High School Sports

Year-round prep athlete: Golf and tennis


As the five-foot putt rolled to the left of the hole, Tyler McCarthy couldn’t help but cringe.

It was only practice on the pristine greens at Stoneybrook Golf Course at Heritage Harbour last Saturday morning. But McCarthy can’t stand missing short putts — even when he’s by himself during the summer.

Those misses could carry over into the high school season.

“The green is leaning a little to the left,” the Braden River senior said. “I have to tap it more to the right.”

And with another swing of the putter, McCarthy’s next attempt found the bottom of the cup.

Success in prep sports is the end result of an athlete’s sweat, pain and sacrifices during June, July and August.

About a mile east of Stoneybrook, Dominic Cotrone is at full tilt on the Lakewood Ranch tennis courts, dealing with the sun’s heat radiating off the bluish cement.

“It takes a lot of motivation to do this during the summer,” Cotrone said. “I’m up every day at 7:30 a.m. out on the court. It doesn’t feel like summer to me, of course. Tennis always comes first before play. It’s rough, but looking into the future pretty much helps me.”

It helps Cotrone and McCarthy in more ways than one.

Both have played in several tournaments in their respective sports throughout the summer. That not only helps the players hone their crafts, but it also exposes them to college coaches during the most important recruiting time of the year.

“A lot of times, we don’t recruit out of the high schools like other sports do,” South Florida women’s golf coach Marci Kornegay said. “We don’t typically go to high school matches, because there are so many tournaments during the summertime. There are probably four to five tournaments every week on a national level that occur. The summertime is saturated with tremendous talent, and they want to make the commitment to go to college and play. They’ll make the commitment financially as well.”

The cost can add up in a hurry.

Cotrone, who made it to the Class 1A state tournament in the doubles competition last season, said he’s played in five tournaments this summer and spent upwards of $600 per tournament for entry fees, lodging, food and round-trip airfare for a three-day tournament for a grand total of $3,000, not including coaching fees for travel and time.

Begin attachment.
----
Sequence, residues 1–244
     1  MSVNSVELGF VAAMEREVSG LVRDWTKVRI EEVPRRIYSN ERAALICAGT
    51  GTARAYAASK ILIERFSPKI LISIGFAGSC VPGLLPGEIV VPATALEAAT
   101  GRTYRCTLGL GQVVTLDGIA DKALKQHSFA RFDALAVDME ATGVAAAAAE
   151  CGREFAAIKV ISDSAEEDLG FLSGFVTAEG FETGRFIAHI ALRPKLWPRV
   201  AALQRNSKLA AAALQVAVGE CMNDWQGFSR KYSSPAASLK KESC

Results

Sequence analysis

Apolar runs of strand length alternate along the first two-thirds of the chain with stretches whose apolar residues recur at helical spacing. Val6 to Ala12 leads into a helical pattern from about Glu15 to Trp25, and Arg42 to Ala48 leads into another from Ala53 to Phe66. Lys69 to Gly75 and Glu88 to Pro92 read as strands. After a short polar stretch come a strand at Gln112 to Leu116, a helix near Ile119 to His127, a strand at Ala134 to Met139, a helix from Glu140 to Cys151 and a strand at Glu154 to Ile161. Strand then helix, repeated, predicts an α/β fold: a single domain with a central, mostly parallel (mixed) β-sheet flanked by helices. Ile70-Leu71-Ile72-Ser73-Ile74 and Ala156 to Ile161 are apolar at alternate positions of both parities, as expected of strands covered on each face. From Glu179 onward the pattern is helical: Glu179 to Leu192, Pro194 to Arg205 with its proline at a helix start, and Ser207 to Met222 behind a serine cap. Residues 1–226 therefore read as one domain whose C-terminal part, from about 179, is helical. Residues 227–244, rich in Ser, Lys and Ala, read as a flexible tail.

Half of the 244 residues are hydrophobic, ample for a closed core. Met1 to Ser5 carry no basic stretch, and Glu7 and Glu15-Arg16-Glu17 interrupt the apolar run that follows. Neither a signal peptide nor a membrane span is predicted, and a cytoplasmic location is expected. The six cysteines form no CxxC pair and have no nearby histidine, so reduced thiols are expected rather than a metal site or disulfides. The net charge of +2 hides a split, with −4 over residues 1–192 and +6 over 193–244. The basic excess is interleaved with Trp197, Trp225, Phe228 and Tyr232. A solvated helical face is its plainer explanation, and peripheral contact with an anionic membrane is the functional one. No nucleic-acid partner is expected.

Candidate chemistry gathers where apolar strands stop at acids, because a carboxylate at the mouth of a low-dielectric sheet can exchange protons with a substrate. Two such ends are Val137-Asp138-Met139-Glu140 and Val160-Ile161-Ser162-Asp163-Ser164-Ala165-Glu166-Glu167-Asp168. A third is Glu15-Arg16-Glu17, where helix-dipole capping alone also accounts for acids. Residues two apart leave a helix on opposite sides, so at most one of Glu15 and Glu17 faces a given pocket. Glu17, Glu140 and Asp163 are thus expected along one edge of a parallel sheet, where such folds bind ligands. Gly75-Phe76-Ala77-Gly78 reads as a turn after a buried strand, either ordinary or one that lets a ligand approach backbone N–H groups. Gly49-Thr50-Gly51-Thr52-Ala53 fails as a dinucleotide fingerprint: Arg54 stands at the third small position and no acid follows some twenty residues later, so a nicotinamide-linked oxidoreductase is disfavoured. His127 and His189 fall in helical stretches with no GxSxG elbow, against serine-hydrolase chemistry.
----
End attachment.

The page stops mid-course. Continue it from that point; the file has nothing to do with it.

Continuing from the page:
Mike Wilson coaches young tennis players at the Next Generation Tennis Academy at Longwood Run Athletic Center in Sarasota, including Cotrone and Out-of-Door Academy state girls tennis champion Caroline Dailey.

Wilson’s players travel to tournaments in groups, which helps ease the pain on the pocketbooks. In June, Wilson and two other coaches took 17 tennis players to the 61st annual USTA Florida Junior State Closed tournament in Daytona Beach.

“We split the cost of everything,” Wilson said. “We didn’t do a coaching fee for that tournament, which can be an exorbitance.

“We brought three coaches there, and we said ‘this is what it’s going to cost for three people to be there divided by 17.’ To have a coach there for the whole week was about $120.”

And having a coach onsite makes a world of difference.

“That’s where you can teach them the best,” Wilson added. “You can’t teach them just at your facility, because they are different people once they get into the competitive arena. You have to be there to learn their habits and their patterns.”

McCarthy said he has spent roughly $1,260 this summer playing in four tournaments around the state. He helped his parents by paying for half with a part-time job at Stoneybrook.

“With gas money, that’s all me,” said McCarthy, who qualified for the Class 1A regional tournament last season.

“My dad will help me with the hotel, and with my equipment we’ll go half.”

For players like Cotrone and McCarthy, they hope the sacrifices today will pay off down the road.

“I know all of the practice now will help me when I get older,” McCarthy said. “And the money I spend I don’t mind. It’s for the game, and I love it, so it’s worth it.”